There is nothing quite like the shooting, often crippling, pain that moves like a laser down one side of your spine, buttock, and along the back of your leg. Sometimes, the pain from sciatica is simply a mild ache; you can manage to go about your life without too much disruption.
However, the sciatica pain can also be excruciating, and it may seem like you are being electrocuted. The pain from sciatica can leave you with numbness and/or tingling in one leg and foot and can put you on the sidelines of life.
"If you have sudden, unexplained back pain that is severe, you must seek medical attention right away. Emergency medical care is even more critical if your pain follows an injury or if you can no longer control your bowels or bladder."
Understanding what causes sciatica and how to minimize your risk of developing this painful condition will go a long way in lowering your risk of ever going through this pain!
What causes sciatica?
The sciatic nerve runs through the back of your body, from your lower back, through your buttock, and down through your leg. When this nerve becomes irritated or compressed, it causes pain. This pain may feel differently depending on the cause, irritation, and compression level, and it may differ between people.
Typical sciatica symptoms include tingling, burning, or shooting pain along the length of the nerve. Sometimes, there is numbness in the back of the leg and/or a feeling of weakness. Sciatica often feels worse when you are seated or when you bend or twist at the spine. Many find the pain is worse when they try to stand up or when they are lying down.
- There are several causes of sciatica, and most of these lie within the spine: herniated lumbar disc, lumbar spinal stenosis, degenerative disc disease, and spondylolisthesis.
- On occasion, sciatica develops from a spasm or inflammation within the lumbar and pelvic muscles or because of poor function in the sacroiliac joint.
- Very rarely, a tumor or blood clot within the spine may cause sciatica.
What are my risk factors for developing sciatica?
While any one of us can develop sciatica, there are a few risk factors that may increase your risk.
- Unfortunately, simple aging is a risk factor for developing sciatica because natural wear and tear affect our bones and the discs in our spines. So, aging well by eating nutritiously and staying fit is essential.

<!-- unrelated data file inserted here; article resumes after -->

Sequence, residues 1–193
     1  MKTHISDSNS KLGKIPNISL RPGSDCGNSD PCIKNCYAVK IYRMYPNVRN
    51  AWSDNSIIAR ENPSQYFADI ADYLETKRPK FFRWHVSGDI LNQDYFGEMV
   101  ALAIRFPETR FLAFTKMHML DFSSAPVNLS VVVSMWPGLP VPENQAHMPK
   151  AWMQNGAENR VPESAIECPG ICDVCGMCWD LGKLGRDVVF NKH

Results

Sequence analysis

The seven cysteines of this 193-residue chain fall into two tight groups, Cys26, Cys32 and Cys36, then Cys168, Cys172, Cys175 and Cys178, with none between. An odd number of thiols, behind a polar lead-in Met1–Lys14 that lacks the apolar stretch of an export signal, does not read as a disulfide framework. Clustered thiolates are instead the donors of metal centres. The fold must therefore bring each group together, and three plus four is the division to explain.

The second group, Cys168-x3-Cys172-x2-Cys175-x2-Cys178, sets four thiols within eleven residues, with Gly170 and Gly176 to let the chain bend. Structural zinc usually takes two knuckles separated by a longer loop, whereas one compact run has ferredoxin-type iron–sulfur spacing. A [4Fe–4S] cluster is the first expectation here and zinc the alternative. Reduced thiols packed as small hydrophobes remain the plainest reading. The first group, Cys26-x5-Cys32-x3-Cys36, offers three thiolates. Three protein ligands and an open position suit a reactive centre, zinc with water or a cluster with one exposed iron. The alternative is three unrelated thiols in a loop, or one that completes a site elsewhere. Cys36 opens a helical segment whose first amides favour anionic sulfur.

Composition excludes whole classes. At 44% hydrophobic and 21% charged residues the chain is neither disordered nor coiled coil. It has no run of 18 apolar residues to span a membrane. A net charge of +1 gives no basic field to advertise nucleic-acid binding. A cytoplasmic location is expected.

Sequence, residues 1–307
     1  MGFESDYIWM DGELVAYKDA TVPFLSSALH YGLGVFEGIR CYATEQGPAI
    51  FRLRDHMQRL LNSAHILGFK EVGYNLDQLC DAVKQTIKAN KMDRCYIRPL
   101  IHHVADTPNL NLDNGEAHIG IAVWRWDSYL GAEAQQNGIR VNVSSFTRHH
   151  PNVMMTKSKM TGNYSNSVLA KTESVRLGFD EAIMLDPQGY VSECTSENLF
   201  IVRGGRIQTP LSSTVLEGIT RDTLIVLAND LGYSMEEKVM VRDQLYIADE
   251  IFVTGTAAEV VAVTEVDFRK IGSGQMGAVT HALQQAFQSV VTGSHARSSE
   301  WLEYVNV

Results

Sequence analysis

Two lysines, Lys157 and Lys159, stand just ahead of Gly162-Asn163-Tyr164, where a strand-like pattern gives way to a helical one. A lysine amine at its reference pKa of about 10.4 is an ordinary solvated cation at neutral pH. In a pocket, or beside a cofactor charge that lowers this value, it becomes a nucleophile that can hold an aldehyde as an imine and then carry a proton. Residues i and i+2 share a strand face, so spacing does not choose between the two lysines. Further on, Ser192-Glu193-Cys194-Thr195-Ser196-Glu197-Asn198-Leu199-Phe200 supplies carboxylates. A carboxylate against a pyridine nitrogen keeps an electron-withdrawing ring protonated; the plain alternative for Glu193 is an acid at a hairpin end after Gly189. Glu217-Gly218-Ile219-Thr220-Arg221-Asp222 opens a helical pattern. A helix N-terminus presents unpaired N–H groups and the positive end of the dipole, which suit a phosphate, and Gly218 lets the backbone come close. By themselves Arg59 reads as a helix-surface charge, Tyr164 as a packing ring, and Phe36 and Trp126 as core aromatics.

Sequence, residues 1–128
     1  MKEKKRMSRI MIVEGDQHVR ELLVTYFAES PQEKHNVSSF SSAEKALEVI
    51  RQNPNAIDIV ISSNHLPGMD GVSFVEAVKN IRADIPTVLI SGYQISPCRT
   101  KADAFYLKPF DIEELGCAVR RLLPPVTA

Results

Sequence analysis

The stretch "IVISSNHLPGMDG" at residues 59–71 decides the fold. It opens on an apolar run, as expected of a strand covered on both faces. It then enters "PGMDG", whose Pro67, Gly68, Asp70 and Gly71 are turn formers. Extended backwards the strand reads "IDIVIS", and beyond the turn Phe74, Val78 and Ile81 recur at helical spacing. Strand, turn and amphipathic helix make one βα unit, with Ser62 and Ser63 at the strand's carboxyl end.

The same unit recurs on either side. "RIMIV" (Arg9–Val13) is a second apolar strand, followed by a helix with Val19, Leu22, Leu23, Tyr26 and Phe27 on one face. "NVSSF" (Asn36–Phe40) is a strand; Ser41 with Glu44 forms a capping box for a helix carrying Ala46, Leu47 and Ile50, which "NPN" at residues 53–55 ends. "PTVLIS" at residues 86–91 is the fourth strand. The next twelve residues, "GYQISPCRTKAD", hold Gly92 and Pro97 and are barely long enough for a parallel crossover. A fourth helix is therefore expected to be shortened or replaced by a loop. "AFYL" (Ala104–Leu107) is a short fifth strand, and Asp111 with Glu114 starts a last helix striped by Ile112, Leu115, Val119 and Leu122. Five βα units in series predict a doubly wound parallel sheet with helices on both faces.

- Another risk factor that we can better manage is weight; maintaining an ideal body composition allows our spines to function optimally. However, if you have ever injured your spine or lower back, this also puts you at an increased risk of developing sciatica.
- Any work that has you sitting for long periods puts you at risk of a host of lower back issues, including sciatica. Instead, consider opting for a standing desk or taking walking and standing micro-breaks throughout your workday.
- Does your work have you lifting heavy items repeatedly? Be sure to lift correctly and know your limits so that you can avoid back pain.
- If you are a smoker, consider giving it up as nicotine has been found to damage tissues, including the discs in our spines.
- If you have osteoarthritis, know that this can damage your spine and put you at an increased risk of sciatica.
- Similarly, diabetes is a disease that can damage nerves, including the sciatic nerve.
How can I best care for sciatica?
While it depends on the cause on how to relieve sciatica pain, sciatica often resolves over time and with straightforward treatment. However, as with any pain or dysfunction in your body, be sure to get an accurate diagnosis to know exactly what you are dealing with; proper diagnosis means optimal treatment.
An appropriate treatment plan means that you can get back to life sooner!
There is often confusion about when to use ice and when to use heat.
- Remember that ice is excellent for reducing any swelling and pain. Try ten minutes of icing, with ten minutes of rest, then ice again. I keep a large bag of frozen peas in my freezer for a convenient ice pack that molds to any area of my body.
- Heating pads, hot water bottles, or heat packs will ease your sciatica pain by causing your blood vessels to dilate, which means more healing action from your blood, including oxygen and nutrients. Heat also allows your muscles to relax from their state of tension and spasm! Perform some gentle stretches to lengthen out these warm, relaxed muscles.
You may also want to seek treatment from a healthcare professional. Many find sciatic pain relief through physical therapy, massage therapy, chiropractic treatment, medications, and spinal injections of corticosteroids.